Tip: The ServiceFlow gives you a lot of powerful insights into how these services are interacting with each other. You can identify services that are tightly coupled or send a lot of data back and forth. These are all good indicators that you might not want to break it along those lines. If you want to automate that analysis you can also query the Smartscape API as it provides “relationship” information between services and processes. This avoids somebody having to manually validate this data through the WebUI.
#3: Did we break it successfully?
After extracting your components into services and running them standalone or in containers, Dynatrace OneAgent and Smartscape can help us validate whether the new architecture and deployment really turned out as expected, like where do these services run? How many are there? How are they distributed across data centers, regions or availability zones? Are they running the same bits and provide the same service endpoints?
Tip: Like my previous tip, use the Smartscape API to automate validation, as all this data you see in the Smartscape view can be accessed via the API. This allows you to automatically validate how many service instances are really running, where they run and what the dependencies are. It’s a great way to flag dependencies that shouldn’t be there as well!
#4: Does it PERFORM as expected?
When migrating from one system to another, or from one architecture to another, we want to make sure that key quality aspects don’t deteriorate. Performance, stability and resource consumption are some of these key quality attributes. With Dynatrace, we can compare two timeframes with each other to validate if metrics such as Response Time, Failure Rate or CPU consumption have changed:
Tip: The Dynatrace Timeseries API allows you to pull all these – and even more metrics – automatically from Dynatrace for any type of entity and timeframe. This allows you to automate the comparison. Check out my work on the “Unbreakable Delivery Pipeline” where I implemented this automatic comparison between builds that get pushed through a CI/CD DevOps Pipeline.
#5: Does it SCALE as expected?
One of the reasons we break a monolith into smaller pieces, is to enable dynamic scaling of individual components/services depending on load or to ensure a certain level of service. With Dynatrace, we observe how your architecture scales under load and when we reach scalability limits. The following screenshot shows that we can look at Smartscape for different load scenarios, e.g: during an increase load performance test scenario. We can see how many services are running for each load, we can validate load balancing and we can also observe when service instances start to fail. This is very valuable insights for your architects but also your capacity planning teams:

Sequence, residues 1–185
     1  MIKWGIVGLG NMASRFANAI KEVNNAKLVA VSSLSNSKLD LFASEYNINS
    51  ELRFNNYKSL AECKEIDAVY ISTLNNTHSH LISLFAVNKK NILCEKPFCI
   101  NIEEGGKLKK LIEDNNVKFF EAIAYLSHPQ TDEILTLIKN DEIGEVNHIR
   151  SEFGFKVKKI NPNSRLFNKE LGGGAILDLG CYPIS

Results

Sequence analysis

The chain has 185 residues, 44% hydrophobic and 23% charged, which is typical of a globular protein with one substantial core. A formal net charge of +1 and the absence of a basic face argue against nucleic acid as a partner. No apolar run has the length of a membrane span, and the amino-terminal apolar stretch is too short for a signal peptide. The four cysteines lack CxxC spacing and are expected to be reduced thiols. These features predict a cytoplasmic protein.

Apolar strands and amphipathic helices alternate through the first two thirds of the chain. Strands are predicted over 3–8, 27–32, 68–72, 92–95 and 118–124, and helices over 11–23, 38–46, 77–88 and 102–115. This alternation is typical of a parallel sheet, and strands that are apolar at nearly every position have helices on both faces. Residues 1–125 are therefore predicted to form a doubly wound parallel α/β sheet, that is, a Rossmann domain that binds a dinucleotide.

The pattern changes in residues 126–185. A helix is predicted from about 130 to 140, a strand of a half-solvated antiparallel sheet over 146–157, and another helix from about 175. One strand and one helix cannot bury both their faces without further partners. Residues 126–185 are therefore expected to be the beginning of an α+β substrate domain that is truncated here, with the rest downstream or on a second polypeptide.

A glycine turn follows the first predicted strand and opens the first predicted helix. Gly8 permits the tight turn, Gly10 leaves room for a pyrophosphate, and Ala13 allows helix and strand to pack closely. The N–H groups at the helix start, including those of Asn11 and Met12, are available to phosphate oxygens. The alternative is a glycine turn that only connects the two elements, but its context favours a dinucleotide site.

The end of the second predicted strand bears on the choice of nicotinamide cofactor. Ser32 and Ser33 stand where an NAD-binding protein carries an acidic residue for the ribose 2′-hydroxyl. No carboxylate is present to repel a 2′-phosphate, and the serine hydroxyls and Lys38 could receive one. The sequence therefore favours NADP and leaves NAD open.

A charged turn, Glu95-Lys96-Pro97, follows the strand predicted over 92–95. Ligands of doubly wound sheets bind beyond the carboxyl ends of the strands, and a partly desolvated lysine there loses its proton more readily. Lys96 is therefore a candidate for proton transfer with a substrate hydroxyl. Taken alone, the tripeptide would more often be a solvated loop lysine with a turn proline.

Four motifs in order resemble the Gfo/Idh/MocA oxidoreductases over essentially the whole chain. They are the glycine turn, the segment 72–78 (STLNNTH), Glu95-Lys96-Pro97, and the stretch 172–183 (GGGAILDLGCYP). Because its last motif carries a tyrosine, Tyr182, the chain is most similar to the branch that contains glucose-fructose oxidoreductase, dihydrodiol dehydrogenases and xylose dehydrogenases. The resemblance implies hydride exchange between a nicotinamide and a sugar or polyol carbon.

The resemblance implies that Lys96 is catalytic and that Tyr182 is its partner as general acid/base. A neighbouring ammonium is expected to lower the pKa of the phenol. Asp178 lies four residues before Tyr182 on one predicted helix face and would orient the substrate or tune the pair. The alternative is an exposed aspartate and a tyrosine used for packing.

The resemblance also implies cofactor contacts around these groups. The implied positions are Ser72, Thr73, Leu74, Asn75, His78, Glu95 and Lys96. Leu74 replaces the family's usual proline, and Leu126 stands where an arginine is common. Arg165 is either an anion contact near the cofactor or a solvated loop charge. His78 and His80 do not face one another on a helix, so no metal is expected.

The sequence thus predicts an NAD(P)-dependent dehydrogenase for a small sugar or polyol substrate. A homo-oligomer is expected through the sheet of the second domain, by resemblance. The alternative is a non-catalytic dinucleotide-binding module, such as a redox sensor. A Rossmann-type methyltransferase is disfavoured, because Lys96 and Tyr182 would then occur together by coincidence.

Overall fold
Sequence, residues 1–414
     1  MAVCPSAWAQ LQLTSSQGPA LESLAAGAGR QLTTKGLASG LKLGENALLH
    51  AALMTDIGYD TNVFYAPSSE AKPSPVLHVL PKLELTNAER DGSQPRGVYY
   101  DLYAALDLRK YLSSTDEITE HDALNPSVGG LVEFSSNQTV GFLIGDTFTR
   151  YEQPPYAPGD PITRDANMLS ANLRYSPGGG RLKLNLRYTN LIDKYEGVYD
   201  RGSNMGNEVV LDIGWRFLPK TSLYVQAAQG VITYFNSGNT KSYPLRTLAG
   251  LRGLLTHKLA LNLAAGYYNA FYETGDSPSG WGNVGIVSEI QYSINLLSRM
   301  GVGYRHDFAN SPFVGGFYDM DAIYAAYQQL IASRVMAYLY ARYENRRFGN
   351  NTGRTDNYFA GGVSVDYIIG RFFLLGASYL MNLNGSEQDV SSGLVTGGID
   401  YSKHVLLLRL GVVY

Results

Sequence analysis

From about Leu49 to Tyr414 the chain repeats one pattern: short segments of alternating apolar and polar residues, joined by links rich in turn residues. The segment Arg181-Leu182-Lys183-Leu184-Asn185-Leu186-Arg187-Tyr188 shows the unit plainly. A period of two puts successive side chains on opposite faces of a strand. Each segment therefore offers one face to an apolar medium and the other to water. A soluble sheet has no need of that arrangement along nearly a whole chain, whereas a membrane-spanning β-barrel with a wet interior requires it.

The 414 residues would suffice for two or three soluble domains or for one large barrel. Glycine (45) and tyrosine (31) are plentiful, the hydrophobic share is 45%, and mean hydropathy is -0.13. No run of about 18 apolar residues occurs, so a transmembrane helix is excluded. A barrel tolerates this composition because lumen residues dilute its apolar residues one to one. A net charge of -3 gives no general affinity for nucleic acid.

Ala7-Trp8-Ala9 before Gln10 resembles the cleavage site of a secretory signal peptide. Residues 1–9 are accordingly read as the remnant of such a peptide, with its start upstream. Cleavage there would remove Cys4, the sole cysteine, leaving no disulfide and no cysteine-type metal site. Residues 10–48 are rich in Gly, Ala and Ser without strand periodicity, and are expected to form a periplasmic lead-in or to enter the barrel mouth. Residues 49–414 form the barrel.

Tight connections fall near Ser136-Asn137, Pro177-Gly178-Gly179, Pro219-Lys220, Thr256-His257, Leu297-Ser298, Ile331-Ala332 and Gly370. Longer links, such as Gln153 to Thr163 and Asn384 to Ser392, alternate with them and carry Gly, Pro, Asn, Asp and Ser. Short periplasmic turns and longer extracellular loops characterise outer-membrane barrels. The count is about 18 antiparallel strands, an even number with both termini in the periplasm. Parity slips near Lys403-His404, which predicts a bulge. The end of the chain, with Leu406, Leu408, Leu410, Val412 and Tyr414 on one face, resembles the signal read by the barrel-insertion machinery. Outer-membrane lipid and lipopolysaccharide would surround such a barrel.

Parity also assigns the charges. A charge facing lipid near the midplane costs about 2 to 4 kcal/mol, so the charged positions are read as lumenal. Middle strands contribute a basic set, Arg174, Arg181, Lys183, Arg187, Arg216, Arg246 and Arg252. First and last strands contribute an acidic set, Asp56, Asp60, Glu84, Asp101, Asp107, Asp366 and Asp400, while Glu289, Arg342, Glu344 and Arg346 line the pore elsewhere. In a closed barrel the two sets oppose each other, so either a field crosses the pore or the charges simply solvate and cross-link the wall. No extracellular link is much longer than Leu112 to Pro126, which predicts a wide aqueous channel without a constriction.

Tip: Especially for performance and capacity engineers I suggest looking into the Smartscape and Timeseries API. While you run your tests, there is no need to stare at our dashboards (well – you can if you want to). But I suggest using our API and extract the data you need for your Capacity Assessments.
#6: Does it INTERACT as expected?
After extracting the monolith into smaller pieces, we should have a clear picture in our mind on how the end-to-end transaction flow looks like. At least on paper! But what is the reality? Which service calls are really involved in end-to-end transaction execution? Do we have an optimized service execution chain or did we introduce any bad architectural patterns such as N+1 Service or Database calls, missing caching layer, recursive calls …? Simply look at the ServiceFlow and compare what you had in mind with what is really happening:
Tip: The ServiceFlow provides powerful filtering options allowing you to focus on certain types of transactions or transactions that have a certain behavior, e.g: transactions that flow through a certain service, that use a certain HTTP Request Method (GET, POST, PUT, …) or those that show bad response time. For more details check out the blogs from Michael Kopp on Extended Filtering, Problem and Throughput Analysis and Enhanced Service Flow Filtering.
#7: Does user BEHAVIOR change as expected?
Bottom line with any transformation is that our end users should not experience any negative impact on using our services. That’s why it is important to monitor your end users, their behavior and how that behavior changes once moving over to the new architecture.
We should NOT expect any negative impact – in fact – we should at least expect the SAME or BETTER behavior, e.g: more user interaction, increased conversation rates, etc. With Dynatrace, we simply look at RUM (Real User Monitoring) data where we automatically track key user behavior metrics:
Tip: There are many great real user monitoring metrics we can look at, analyze and start optimizing. If you want to learn more about how to use Dynatrace RUM to optimize your user behavior check out the Performance Clinic with David Jones on Unlock your Users Digital Experience with Dynatrace. Oh yeah – did I mention we have an API for that as well? You can query application level metrics through the Timeseries API and automate these validation checks!
#8: How to manage and control cloud and cloud service usage?
It’s great to move applications and services to the cloud and leverage existing cloud services instead of building it yourself. But without knowing what your code is really doing and which of your applications and services are using which cloud services you got to pay for, e.g: DynamoDB, EC2, … you might be surprised at the end of the month when you get your cloud providers usage bill.
Dynatrace integrates with all major cloud provides and gives you insights on WHERE your custom code runs and WHICH paid cloud services are consumed in which extend. You can even break this down to individual features and service endpoints.